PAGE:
Happy Zi holding a snack

Amid the bamboo

Stir fried rice for lunch

Local girls selling bracelets

Midday snooze

An hour or so after lunch, about 5 hours into our hike, the clouds started to dissolve and we grew excited as the panoramic views began to appear. We paused for a break just as the sun burst through the clouds, illuminating the valley before us. 

Shortly after our break we arrived at Lees’s home, which had the looks and feel of a barn. The floors were made of hardened mud, the house made of wooden planks and bamboo. Our toilet was a hole in the ground. Water from the mountain flowed out of a hose into a giant bucked used for washing. Hogs, chickens and dogs ran around our feet. We met other members of her family who all lived under the same roof. Lees showed us to our sleeping quarters: a layer of blankets on the floor up in the rafters with a pillow each and mosquito nets to cover us.  

View from Lees' home

Lees' home

Main room

Fire pit and cooking area


Grandma with Zi

We layered up as the fog rolled in again, chilling the air and blocking the views. Sitting on a wooden bench, we watched as Lees’s daughter chopped bamboo for soup, chickens and dogs scurrying around her. Lees went to the market and returned with eggs and vegetables to make fried spring rolls to accompany our pork and rice dinner.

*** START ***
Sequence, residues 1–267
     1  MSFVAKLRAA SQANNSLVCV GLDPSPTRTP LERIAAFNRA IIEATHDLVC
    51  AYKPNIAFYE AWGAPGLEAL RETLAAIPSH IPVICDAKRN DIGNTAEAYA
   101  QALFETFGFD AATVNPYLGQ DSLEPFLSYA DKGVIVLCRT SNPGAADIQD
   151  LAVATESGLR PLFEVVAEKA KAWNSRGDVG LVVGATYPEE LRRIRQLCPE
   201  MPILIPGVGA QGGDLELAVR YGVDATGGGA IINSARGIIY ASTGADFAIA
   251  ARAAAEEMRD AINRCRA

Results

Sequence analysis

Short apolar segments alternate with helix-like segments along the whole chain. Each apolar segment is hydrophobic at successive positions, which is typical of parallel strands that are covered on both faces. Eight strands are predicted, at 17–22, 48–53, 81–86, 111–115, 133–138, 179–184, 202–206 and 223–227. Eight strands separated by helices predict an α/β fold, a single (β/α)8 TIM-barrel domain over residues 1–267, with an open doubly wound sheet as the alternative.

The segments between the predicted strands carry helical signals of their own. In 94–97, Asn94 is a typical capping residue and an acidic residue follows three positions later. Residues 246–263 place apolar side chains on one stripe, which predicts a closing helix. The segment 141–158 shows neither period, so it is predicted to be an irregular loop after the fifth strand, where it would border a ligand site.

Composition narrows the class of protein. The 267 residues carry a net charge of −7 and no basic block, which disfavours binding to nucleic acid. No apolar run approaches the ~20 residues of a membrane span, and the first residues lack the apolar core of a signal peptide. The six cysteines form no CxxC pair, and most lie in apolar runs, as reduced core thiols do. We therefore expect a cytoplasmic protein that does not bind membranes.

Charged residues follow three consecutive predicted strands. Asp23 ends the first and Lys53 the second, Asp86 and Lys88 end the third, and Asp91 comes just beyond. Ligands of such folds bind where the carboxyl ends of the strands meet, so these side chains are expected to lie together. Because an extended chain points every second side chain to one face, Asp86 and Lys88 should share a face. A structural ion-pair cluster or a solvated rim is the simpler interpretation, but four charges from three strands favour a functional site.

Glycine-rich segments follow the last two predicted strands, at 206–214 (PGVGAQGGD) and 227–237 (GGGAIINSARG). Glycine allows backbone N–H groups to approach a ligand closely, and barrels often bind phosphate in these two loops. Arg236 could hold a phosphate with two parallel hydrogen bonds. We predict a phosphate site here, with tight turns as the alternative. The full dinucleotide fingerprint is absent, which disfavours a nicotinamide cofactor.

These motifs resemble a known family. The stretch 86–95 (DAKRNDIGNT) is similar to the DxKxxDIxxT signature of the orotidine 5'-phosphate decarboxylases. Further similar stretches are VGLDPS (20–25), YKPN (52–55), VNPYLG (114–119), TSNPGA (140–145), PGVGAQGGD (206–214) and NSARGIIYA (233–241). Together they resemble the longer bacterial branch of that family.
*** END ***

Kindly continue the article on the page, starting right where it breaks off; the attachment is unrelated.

Lees' older daughter chopping bamboo for soup

She was fast

We sat by the fire used for cooking, trying to stay warm, watching the rice boil and the spring rolls sizzle.  Once dinner was ready, we ate mostly in silence, relishing Lees’ home-cooked meal.  

Lees boiling rice

Best friend spring rolls I've had

By 9pm we were exhausted and climbed up the ladder to the rafters to retire for the night. Among the dogs barking and the roosters crowing, we could hear the grandfather (who apparently had too much rice wine) rambling something in Vietnamese. I put in my ear plugs and tightly wrapped the blanket around me, trying to stay warm.


Despite going to bed around 9pm, we didn’t crawl out from the warm blankets until 8 in the morning. The ear plugs drowned out most of the animal noises but I tossed and turned throughout the night, my back constantly sore from sleeping on the ground. Lees made us coffee and cooked us a delicious breakfast sandwich accompanied by leftover springs rolls from dinner. 

After breakfast, we said goodbye to Lees’s home and, with baby Zi strapped to her back, Lees led us through the villages, pointing out the various tribe members who can be identified by their dress. We crossed bridges and through small towns, working our way back up the mountain where we hopped on the back of motorbikes and returned to Sa Pa.

Lees does the same trek about 2-3 times a week, trying to find other visitors who will do a homestay with her so that she can provide for her husband and 3 children. I left Sa Pa feeling incredibly grateful for what I have and how I am able to live. Lees and her family don’t have much and live far below the comfort zone for Western standards. But they seem happy and reside in one of the most beautiful places on Earth. 

What more does one really need.